11-21-2012 06:33 AM - edited 11-21-2012 06:34 AM
I've developed an application using PhoneGap. The application has an alarm system, in other words, at an user-configured time an alarm dialog is displayed, then in this dialog if the user press the "continue" button the application will show a page.
I've managed to put this working in Android, iOS and Windows but not in Blackberry. Anyone has an idea how this is done using BB WebWorks & PhoneGap?
11-22-2012 11:57 AM
Which BlackBerry platform are you targeting with PhoneGap (BBOS, PlayBook, BB10)? Also, have you confirmed that the Phonegap APIs you are using are supported on the noted BlackBerry platform?
Are you using the latest version of Phonegap/Cordova?
11-22-2012 01:10 PM
Thanks for that. Would you happen to have a sample application you could post on JSBin or JSFiddle for us to reproduce / investigate with?
Also, which part are you finding to not work? Is it that the notification isn't appearing at the pre-determined time, the new page isn't opening, etc. The more information you can give the better :-)
11-22-2012 01:13 PM
Well oros, I don't have any code since I don't know how to make this. I've made it working with other systems like Android, iOS and WinPhone. For those I've used the LocalNotification plugins existing in GItHub. But for these functionality I can't find anything to use with BlackBerry.
11-22-2012 01:41 PM
It seems that Phonegap has a Notification API available inherently that is supported on the BlackBerry platform (i.e. no need for external plugins.)
Apologies if I'm misunderstanding, but using the above in a Phonegap applicaiton, and then simply using the commands to compile for BlackBerry should provide you with the ability to display an alert.
In terms of recognizing when a specific time occurs, are you using any platform-specific functionality for that or just Phonegap / pure HTML5 scripts? If Phonegap / HTML5, the same approach should work on the BlackBerry platform as well.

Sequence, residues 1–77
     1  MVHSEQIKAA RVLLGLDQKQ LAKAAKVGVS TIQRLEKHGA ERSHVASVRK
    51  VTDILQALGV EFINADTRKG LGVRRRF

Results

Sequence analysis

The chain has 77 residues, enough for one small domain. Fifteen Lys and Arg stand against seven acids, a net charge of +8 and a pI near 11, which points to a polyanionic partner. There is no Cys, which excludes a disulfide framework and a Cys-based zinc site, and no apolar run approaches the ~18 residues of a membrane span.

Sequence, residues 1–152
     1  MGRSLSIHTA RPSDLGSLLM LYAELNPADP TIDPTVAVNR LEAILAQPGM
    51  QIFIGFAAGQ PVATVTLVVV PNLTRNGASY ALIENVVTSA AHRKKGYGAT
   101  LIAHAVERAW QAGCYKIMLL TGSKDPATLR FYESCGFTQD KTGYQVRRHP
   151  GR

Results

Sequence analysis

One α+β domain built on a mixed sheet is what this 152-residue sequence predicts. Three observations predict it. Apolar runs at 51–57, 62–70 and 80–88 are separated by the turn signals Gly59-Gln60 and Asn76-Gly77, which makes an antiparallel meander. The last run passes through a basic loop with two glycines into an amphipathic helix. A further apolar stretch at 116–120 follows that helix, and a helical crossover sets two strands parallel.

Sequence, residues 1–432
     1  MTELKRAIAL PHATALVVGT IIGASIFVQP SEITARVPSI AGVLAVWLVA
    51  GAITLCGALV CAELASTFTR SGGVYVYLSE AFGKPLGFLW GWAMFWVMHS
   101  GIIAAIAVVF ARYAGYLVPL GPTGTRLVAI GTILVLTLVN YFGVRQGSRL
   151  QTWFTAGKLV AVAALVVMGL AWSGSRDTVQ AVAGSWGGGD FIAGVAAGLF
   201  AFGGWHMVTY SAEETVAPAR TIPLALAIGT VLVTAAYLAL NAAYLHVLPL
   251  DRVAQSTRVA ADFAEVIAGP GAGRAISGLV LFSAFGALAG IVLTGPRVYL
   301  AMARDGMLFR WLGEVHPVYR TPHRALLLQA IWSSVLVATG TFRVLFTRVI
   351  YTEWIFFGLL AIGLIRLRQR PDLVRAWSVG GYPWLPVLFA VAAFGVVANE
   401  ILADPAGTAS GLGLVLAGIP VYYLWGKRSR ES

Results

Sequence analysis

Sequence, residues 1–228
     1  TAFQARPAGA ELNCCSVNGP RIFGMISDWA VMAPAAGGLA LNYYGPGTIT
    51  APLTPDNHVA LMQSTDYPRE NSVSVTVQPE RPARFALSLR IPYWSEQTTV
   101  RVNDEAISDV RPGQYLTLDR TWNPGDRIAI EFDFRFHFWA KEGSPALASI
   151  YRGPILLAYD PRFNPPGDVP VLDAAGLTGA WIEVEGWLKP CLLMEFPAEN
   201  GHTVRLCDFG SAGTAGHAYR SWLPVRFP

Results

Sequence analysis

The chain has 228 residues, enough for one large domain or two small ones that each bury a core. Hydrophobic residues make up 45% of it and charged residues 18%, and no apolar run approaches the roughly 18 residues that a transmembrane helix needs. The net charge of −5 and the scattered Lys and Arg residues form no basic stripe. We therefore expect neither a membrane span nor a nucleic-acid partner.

If we're looking at a WebWorks API, the Dialog API might be of use:
You can also integrate directly with the Calendar and schedule an Appointment for the user:
To me it seems that most of what you described should be available through HTML5 and Phonegap APIs though, common across most platforms out there with minimal need to actually customize with native code.
11-22-2012 01:48 PM
I need to create an alarm. The alarm has to be raised even if the application is in background. When the alarm is raised a Local Notification (not Notification) is shown, then the user activates (clicks) the LocalNotification and the application opens in a specific html5 page.
Android & iOS, used LocalNotification
WinPhone, used Reminder.
Is it possible something like this in Blackberry?
11-22-2012 02:13 PM
Technically, this should all be possible. With respect to the Local Notification, I believe this functionality is equivalent to the MessageList API community extension:
This API allows you to add a notification to the main system list, and clicking that notification will launch your application.
If you need this to be a Dialog, and with Local Noticiation my understanding is that you want the dialog to show even if your applications isn't in the foreground, then you can use this to trigger a global dialog:
However, you will need to create your own custom extension to invoke your application when the dialog is accepted.
Personally, I would recommend the MessageList approach, in conjunction with the Dialog.
On OS7, it certainly is possible to create an application that runs in the background:
11-22-2012 05:22 PM
While you can set an appointment in the user's calendar, you won't get the same sort of notification that you're mentioning. As far as I can tell, you would need to implement your own form of "alarm" tracking.
For instance, local storage could be leveraged to save any pending alarms. On application launch, or when a new item is added to local storage, you could leverage something as simple as a setTimeout which would trigger an action at a certain point in the future. Once triggered the item would be removed from local storage. While not as elegant as scheduling a reminder, the end result would be fairly close.
There may be other options available as well, but the above should be one of the simpler ones, implementation-wise.